How I met Portocala by Simona Filip
Last year I worked on a project involving institutionalised youth and Romani people. I met Portocala and this changed all my opinions about them.
The interphone keeps ringing, and on its screen you can see teenager faces. Noisy groups of teenagers enter the building; I can hear their laughs and teasing. They go up the stairs slowly to the fourth floor where I am waiting for them in the lecture room having no expectations. It is my first meeting with youth from placement centres and I do not know much about them, or their behaviour, nor how we will interact over the next three month. This is how long the qualification course that I coordinate will last. My colleagues from the project team funded by European money kept warning me that many children have issues. A few days before meeting them, I am ashamed to admit, I was having fun in the office reading their personal documents. I was going through their registration papers and I was finding exotic names, “gipsy” names, as I called them without any remorse. I would meet Portocala now, one of the ones with exotic names, at the introductory meeting of the “Worker in the trade” course.
The “Worker in the trade” course has been one of the three programs of professional development offered for free within the project “Iasi County Centre for Social Inclusion” during 2014, aimed mainly at young people who would leave the child protection system. Web designer and security agent courses were organised within the project. The target group for the courses were Romani people, disabled people, and victims of domestic violence, single parents and people from families with more than two children. In total, over 100 institutionalised young people got a qualification in one of the three jobs and got grants upon completion. Less than 5% got a job in the field they trained for.
Portocala got among the last on the fourth floor because she helped Cornelia and Iolanda to climb up the difficult stairs. She did not like coming alone anyway. Cornelia is disabled and Iolanda can barely see. Nevertheless, Portocala, who does not have any physical disability, needs to rely on someone when she goes out of the placement centre. “I am not coming on my own, I am not familiar with the streets”, she told me the day before, on the phone several times. “I’m coming if Ionut’s coming. Have you called Iolanda? Or anyone else in my room?” I am a bit puzzled that someone who was born here and lives here is not able to identify a building after many indications, but I got used to it after a few weeks and would not wonder that too many people living in placement centres do not know the world outside. Later, reading Portocala’s personality profile, done by the project councillors, I’ve found out that she does have general difficulties in making decisions, she is insecure, afraid of making mistakes, fear of getting involved and taking responsibility.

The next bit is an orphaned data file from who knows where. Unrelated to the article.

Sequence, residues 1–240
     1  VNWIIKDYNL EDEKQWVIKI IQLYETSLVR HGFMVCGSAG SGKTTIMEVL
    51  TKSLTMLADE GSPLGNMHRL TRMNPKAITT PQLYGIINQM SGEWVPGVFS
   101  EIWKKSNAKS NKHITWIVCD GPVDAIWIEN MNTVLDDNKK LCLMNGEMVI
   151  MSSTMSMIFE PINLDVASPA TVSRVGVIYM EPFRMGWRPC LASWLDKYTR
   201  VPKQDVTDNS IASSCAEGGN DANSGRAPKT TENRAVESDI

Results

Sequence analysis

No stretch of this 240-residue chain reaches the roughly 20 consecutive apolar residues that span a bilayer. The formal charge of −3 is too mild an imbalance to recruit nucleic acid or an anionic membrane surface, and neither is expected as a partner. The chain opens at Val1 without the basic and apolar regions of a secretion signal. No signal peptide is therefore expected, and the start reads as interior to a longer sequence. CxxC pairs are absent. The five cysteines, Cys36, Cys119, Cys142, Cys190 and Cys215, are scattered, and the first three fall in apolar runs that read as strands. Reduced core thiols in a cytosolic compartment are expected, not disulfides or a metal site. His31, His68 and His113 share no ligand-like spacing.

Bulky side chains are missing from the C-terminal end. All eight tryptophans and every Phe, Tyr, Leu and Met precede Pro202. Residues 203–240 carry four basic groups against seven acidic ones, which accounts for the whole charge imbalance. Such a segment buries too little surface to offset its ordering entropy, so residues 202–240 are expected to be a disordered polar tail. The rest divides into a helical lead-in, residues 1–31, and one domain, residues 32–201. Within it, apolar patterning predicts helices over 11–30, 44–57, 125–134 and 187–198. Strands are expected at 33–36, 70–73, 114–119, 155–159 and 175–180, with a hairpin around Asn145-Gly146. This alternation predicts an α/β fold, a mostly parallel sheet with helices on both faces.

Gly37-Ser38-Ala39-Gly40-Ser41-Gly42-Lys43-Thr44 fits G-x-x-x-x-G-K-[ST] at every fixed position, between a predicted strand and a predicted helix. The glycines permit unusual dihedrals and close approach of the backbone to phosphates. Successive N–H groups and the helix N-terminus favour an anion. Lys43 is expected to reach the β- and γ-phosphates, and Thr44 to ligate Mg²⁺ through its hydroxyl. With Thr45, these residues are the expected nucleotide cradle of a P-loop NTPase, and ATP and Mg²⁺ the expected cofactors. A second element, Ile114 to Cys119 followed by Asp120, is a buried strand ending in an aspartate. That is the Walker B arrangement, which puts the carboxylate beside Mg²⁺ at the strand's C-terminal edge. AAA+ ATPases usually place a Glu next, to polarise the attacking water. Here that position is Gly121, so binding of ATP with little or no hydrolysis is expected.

Portocala, 22, looks identical to the way she looks in her ID photo, a lost child. I have her photo clear in my mind – jet black and shiny hair which she sticks to her forehead, a full mouth and red cheeks. She has a heavy set, covered at all times with loose trainings and T-shirts printed with Italy, England, Mickey or Minnie Mouse. She swings her arms and her walk is manlike She calls me “lady”, although there are only 5 years age difference between us.
She and others seemed surprised when she entered the classroom, seeing the chairs, tables and flowers. Many young adults seemed surprised by a room which they do not have at “Holban”, the placement centre. “It looks better than at Holban”, Portocala and Mihai tell me. Mihai is the one who coordinates “all from the multifunctional”, feeling sad and certain that I will label those from the centre as soon as I hear the name of the school. I think most people in Iasi know that Holban is an integrating school centre, where children with disabilities, Romani and disadvantaged groups learn. It is also known as “multifunctional school” and when I admitted that it is for the first time I hear of Holban, thinking it was a school like the rest, I saw Portocala was glad that I did not label her.
After everybody gathered, I have distributed agendas, pens and forms to fill in. In the group, there were some who would introduce themselves on their own, others who would start talking about anything without being invited, and there were others whom I would ask questions. Some had problems filling in a simple registration form and others were exceptionally gifted and were on the course to study Medicine.
They made groups according to the placement centres and they communicated only with those within the group until the end of the course. After 3 months, some managed to make new friends with people from different centres. They were in this together and they did not differentiate between themselves, based on ethnicity, age or disability. Some young people from the centres outside cities were envious of those from the modern ones, where the social workers were younger and closer to them, but generally I saw that they were being supportive of each other and helpful.